German Memories in Asia – A Visit to Indian Ocean’s Kayts Islands

Torsten Kapeller, is a student from Stuttgart, Germany. He traveled in the war-torn North and East of the island on a tsunami-relief mission to provide tsunami warning sirens and telling various stories on his mission.

The tsunami sirens were brought from Germany and could be operated manually to alert the coastal villages up to a few hundreds meters.

Torsten said his mission to North was exhaustive. He visited a beach and was struck by the beauty of its shallow sea-bed. From his description, I guessed it was the “Saddi” beach in the Kayts Islands.

Visiting Kayts Islands from the Jaffna Peninsula, crossing a mile-long narrow way had been a fascinating experience since my school days. We could see the shallow sea on both sides of the way, which is an extension of the Palk Strait connecting the Gulf of Mannar and the Bay of Bengal in the Indian Ocean.

We could always see in the shallow seas, the sea-gulls, the Brahmin kites and other birds of different varieties busily fishing all the time. Some of the large Brahmin-kites used to rest on the top of fixed fishing nets everywhere in the sea. It was fascinating to see their take off from the nets and I was surprised in my early school days how large birds like them could uplift their bodies using their wings.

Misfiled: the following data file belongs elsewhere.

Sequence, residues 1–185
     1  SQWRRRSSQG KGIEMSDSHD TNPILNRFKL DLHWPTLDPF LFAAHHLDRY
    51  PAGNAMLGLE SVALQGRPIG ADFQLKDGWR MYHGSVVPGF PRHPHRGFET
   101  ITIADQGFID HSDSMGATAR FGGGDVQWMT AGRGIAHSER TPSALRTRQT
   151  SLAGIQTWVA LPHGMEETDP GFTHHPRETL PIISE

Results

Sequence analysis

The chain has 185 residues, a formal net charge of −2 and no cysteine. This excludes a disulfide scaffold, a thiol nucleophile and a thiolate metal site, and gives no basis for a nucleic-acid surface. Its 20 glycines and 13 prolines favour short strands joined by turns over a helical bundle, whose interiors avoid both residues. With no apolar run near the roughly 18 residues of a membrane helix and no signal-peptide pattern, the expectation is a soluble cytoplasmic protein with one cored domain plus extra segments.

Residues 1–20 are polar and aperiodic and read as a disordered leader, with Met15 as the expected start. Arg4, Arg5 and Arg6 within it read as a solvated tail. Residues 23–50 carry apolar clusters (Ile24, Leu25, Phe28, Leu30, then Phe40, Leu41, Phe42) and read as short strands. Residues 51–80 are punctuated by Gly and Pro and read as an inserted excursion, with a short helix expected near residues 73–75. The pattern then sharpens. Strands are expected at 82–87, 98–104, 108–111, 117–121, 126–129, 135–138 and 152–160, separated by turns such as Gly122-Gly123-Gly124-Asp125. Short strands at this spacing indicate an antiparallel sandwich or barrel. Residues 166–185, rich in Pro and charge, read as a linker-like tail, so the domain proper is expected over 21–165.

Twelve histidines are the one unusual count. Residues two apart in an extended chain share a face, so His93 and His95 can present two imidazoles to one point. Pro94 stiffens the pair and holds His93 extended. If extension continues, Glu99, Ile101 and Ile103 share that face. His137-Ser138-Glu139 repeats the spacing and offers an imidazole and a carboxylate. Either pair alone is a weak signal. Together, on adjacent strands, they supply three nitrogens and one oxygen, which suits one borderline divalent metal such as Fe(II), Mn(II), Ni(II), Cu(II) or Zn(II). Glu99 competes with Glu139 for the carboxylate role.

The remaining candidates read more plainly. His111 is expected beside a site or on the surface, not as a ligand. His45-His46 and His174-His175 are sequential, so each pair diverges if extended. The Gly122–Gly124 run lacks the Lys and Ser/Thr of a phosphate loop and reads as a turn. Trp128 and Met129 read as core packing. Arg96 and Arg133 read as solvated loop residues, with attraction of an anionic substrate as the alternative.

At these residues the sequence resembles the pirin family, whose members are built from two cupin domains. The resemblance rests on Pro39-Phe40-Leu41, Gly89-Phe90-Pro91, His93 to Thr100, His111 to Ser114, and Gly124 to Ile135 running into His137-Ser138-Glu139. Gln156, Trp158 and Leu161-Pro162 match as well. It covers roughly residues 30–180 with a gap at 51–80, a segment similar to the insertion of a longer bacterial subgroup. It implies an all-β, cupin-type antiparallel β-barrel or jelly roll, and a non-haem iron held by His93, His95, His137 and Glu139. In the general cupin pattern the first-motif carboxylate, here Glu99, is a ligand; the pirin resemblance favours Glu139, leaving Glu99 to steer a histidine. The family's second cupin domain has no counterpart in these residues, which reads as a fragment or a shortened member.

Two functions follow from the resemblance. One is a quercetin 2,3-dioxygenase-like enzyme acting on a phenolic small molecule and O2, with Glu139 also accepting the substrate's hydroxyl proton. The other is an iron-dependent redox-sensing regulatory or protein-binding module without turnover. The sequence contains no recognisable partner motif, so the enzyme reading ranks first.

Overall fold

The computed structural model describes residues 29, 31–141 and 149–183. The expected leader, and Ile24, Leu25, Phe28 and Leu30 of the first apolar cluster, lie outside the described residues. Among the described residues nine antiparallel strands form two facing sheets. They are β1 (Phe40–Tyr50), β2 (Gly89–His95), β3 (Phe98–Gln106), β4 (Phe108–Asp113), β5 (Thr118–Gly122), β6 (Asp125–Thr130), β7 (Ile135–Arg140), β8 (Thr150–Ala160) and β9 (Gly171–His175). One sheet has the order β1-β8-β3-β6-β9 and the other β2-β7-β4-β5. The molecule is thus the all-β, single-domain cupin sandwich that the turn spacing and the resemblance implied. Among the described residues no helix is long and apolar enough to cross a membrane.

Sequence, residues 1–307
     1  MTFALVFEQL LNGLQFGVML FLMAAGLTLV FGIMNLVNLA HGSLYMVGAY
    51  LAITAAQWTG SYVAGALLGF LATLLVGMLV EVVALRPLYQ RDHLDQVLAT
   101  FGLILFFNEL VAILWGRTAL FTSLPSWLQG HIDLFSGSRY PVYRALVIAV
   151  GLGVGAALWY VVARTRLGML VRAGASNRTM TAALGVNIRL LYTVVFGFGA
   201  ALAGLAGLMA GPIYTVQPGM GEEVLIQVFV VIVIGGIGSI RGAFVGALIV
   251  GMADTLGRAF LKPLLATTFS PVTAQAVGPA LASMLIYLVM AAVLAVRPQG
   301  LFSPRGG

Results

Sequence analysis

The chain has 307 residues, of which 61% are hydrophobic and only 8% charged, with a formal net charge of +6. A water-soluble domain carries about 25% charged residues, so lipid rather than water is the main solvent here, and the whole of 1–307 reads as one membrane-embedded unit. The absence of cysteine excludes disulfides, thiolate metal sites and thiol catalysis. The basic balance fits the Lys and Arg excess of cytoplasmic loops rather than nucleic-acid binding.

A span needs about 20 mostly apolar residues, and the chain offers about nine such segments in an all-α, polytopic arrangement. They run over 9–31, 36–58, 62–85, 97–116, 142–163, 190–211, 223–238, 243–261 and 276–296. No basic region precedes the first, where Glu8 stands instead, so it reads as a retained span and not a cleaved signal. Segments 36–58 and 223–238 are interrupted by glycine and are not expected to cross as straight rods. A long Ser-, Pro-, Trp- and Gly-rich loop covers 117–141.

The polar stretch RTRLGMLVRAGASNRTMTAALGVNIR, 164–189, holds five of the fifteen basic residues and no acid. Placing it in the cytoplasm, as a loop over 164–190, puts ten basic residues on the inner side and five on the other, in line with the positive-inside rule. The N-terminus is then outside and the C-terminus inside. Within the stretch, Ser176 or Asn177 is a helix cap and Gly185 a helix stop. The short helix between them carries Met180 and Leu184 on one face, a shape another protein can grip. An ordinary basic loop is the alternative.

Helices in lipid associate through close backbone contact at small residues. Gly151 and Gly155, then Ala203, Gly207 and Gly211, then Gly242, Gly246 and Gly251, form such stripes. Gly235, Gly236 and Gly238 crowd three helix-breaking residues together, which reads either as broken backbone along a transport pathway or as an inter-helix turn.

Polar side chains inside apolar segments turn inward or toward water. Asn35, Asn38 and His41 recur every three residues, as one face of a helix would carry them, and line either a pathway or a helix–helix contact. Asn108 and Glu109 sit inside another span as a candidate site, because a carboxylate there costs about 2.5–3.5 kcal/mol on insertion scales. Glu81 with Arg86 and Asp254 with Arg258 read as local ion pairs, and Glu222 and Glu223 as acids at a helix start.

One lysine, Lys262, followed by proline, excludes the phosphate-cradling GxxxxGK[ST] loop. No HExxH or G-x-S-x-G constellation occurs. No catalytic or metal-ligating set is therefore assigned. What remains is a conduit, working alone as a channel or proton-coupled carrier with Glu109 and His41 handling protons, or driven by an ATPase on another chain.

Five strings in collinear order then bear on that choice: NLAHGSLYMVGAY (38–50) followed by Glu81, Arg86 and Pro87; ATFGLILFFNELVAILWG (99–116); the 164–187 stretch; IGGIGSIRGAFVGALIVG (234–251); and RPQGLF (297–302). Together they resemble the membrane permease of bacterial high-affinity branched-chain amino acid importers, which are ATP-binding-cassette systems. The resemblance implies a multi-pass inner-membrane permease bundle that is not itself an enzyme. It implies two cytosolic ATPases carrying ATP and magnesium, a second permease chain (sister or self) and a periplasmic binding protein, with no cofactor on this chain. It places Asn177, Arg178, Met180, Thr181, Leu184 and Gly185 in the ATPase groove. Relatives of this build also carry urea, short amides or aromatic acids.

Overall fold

When Torsten was sharing his experience about his travel to Kayts, my thoughts went back to the Dutch Sea Fort, which was built by the Portuguese and then reconstructed by the Dutch in the sea off Kayts Islands.

The Portuguese not only constructed Forts in the island but also in other parts of Asia.

The Portuguese, Dutch, English, Danish, French even German and other European cultures and architecture heavily influenced Asian art, culture and architecture and my maternal ancestors’ house in Kayts resembled that of a small Dutch Fort with inside gardens and large rectangular verandahs and corridors, which made me to wonder about the different types of architecture.

Torsten was telling about the soothing climate of the Peninsula. As the Jaffna Peninsula sets a breeze from the Bay of Bengal and Indian sub-continent by its close proximity, there is an effect on the humidity, the climate and even on the monsoon system.

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